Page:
In FIG. 1 which shows one example of the present invention, a vacuum enclosure 1 contains a phosphor screen 2 on the inner surface of a face panel 3, a shadow mask 4 having a number of apertures and disposed with a specified gap from the phosphor screen 2, and an electron beam emitting means 5 comprizing three units of electron guns.
The phosphor screen 2 comprizes a number of blue phosphor dots, green phosphor dots and red phosphor dots disposed in a specified pattern. In case a shadow mask has a row of slots, the abovementioned phosphor dots are phosphor strips.
The phosphor of the red phosphor dots or strips has a structure as elucidated referring to FIG. 2, wherein each particle 11 of red emitting phosphor powder of Y.sub.2 O.sub.3 :Eu is coated with thin layer 12 of Y.sub.2 O.sub.2 S:Eu phosphor. By such layer of Y.sub.2 O.sub.2 S:Eu the coated phosphor particle acquires stability in a photosensitive slurry containing ammonium bichromate and polyvinyl alcohol. Namely, the red emission phosphor consisting of Y.sub.2 O.sub.3 :Eu particles, each coated with thin Y.sub.2 O.sub.2 S:Eu layer, are not hydrolyzed nor are hydrophobic in the abovementioned slurry. Therefore, the phosphor slurry has normal photosensitivity of hardening by an exposure to photochemical light such as ultraviolet light.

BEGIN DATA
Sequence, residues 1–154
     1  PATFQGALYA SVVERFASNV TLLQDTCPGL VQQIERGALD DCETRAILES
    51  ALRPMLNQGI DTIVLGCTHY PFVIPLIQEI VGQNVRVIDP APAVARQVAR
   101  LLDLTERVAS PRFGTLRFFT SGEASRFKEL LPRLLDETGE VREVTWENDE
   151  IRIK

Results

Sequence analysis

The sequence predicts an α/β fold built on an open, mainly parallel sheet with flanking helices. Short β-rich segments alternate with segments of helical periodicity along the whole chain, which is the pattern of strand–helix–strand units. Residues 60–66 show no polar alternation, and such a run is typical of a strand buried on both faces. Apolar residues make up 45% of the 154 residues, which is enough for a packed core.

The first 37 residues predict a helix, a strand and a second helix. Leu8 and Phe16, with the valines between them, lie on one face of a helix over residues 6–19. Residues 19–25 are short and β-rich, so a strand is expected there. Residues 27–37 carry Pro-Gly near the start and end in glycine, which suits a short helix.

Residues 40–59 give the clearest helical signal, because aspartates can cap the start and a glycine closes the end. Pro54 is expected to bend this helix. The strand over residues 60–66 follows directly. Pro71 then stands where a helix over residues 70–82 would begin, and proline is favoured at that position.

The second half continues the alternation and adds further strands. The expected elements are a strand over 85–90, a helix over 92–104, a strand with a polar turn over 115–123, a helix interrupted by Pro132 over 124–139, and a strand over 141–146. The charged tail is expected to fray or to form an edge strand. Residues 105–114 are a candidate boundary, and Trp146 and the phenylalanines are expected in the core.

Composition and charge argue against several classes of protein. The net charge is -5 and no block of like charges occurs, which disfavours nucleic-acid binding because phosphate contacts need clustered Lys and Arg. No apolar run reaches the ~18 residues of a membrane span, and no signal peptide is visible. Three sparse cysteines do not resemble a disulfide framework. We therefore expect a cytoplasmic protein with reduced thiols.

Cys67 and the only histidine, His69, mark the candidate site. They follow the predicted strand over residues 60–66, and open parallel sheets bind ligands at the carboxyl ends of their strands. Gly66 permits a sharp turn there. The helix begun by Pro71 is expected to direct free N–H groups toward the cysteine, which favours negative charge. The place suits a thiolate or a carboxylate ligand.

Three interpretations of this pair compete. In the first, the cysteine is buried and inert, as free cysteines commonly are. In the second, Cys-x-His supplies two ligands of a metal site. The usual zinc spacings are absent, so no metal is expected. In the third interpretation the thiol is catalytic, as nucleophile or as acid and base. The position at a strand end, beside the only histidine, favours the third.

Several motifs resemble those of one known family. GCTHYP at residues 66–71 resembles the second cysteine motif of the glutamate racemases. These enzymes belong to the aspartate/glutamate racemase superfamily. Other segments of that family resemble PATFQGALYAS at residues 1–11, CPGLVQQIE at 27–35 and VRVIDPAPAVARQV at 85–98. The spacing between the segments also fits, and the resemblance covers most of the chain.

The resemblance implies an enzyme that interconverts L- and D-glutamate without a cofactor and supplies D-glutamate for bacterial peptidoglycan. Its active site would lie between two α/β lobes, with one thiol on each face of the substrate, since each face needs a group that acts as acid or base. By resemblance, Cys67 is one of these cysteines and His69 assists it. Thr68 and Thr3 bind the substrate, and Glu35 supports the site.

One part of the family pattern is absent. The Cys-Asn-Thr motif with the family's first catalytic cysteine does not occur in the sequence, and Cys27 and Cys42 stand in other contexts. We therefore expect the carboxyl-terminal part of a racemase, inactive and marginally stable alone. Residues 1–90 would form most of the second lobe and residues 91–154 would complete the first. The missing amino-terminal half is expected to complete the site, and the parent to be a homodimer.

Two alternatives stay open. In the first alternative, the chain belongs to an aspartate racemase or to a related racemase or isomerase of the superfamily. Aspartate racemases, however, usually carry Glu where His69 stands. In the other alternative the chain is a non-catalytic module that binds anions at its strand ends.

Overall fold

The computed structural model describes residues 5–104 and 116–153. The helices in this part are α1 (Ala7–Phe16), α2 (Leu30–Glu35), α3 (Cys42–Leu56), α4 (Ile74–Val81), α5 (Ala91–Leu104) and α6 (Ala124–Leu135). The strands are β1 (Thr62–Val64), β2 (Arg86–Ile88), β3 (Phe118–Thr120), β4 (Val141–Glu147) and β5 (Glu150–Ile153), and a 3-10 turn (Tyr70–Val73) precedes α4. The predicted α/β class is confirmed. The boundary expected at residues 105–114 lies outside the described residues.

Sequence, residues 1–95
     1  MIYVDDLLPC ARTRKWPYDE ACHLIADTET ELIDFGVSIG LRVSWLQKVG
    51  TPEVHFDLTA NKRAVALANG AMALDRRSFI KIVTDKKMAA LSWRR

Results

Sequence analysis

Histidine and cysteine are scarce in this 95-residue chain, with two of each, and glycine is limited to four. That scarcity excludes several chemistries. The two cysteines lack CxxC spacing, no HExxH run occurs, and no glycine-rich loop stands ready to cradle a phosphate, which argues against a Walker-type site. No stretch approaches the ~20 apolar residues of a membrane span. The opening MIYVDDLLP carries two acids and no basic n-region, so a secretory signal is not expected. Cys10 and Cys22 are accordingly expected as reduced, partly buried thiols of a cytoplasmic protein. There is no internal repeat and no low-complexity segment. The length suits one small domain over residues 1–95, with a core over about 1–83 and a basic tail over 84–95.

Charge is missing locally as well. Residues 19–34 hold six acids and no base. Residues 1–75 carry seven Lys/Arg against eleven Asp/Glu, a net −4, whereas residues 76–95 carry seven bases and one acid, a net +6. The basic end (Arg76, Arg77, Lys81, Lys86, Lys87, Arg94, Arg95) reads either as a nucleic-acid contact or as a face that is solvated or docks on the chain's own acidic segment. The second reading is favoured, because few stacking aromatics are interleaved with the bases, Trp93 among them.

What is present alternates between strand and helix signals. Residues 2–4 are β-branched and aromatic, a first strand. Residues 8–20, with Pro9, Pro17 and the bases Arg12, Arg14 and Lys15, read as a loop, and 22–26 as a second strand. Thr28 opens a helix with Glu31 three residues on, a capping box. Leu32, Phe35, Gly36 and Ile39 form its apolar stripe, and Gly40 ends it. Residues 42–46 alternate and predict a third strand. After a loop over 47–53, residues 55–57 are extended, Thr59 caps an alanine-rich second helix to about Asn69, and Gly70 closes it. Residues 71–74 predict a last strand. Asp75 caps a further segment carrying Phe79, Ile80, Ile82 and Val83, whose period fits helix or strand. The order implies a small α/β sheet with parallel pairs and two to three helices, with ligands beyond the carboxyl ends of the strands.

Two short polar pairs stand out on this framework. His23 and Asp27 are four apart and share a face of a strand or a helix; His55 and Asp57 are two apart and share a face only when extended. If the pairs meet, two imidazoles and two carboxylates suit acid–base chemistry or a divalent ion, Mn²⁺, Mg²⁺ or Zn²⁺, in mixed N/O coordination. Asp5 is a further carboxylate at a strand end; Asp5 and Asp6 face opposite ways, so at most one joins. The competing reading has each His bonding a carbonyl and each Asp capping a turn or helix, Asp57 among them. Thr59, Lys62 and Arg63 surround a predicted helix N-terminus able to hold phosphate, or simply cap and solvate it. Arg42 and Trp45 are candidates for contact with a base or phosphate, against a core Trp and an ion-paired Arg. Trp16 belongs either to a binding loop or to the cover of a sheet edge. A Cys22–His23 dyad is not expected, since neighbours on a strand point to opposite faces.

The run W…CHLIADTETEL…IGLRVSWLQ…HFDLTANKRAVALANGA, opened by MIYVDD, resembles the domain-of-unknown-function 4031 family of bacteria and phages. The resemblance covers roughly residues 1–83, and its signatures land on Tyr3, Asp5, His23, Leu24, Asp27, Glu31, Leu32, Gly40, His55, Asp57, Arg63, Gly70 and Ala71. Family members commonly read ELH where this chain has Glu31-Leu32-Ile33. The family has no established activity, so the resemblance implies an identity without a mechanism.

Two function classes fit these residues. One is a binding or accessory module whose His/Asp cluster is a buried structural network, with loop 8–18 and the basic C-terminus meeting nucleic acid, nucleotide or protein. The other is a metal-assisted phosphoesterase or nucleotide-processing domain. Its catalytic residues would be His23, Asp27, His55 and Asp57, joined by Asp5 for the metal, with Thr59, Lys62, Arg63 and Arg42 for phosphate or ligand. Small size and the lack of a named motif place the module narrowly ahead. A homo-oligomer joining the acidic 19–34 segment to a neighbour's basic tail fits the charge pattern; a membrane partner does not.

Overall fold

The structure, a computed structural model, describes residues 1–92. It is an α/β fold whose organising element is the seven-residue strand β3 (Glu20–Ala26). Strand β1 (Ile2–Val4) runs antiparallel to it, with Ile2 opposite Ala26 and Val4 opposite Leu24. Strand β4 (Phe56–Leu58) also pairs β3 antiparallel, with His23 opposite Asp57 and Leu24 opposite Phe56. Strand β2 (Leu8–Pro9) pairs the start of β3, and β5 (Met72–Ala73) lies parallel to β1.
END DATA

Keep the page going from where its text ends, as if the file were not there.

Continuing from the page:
Moreover, the phoshor prepared in the abovementioned way is not contaminated by chromium ions because of its stable characteristic, and therefore, the phosphor dots or strips formed with this phosphor have sufficient luminosity at electron beam excitation.
When the abovementioned phosphor particles are shot by an electron beam, Y.sub.2 O.sub.2 S:Eu phosphor of the coating layer 12 is excited, and further, the electrons which have penetrated the coating layer 12 reach the inside phosphor particle 11 of Y.sub.2 O.sub.3 :Eu and excite it. Thus, the coating layer 12 not only protects the inside phosphor particle 11 from hydrolytic reaction with the amnonium bichromate, but also emits red light which is very close in spectrum characteristic to the inside phosphor Y.sub.2 O.sub.3 :Eu. Therefore, the effect of the coating layer 12 is much more advantageous than the aforementioned conventional protecting coating layer of compound of Ca or Ba, which causes an energy loss of the electron beam and does not per se emit light.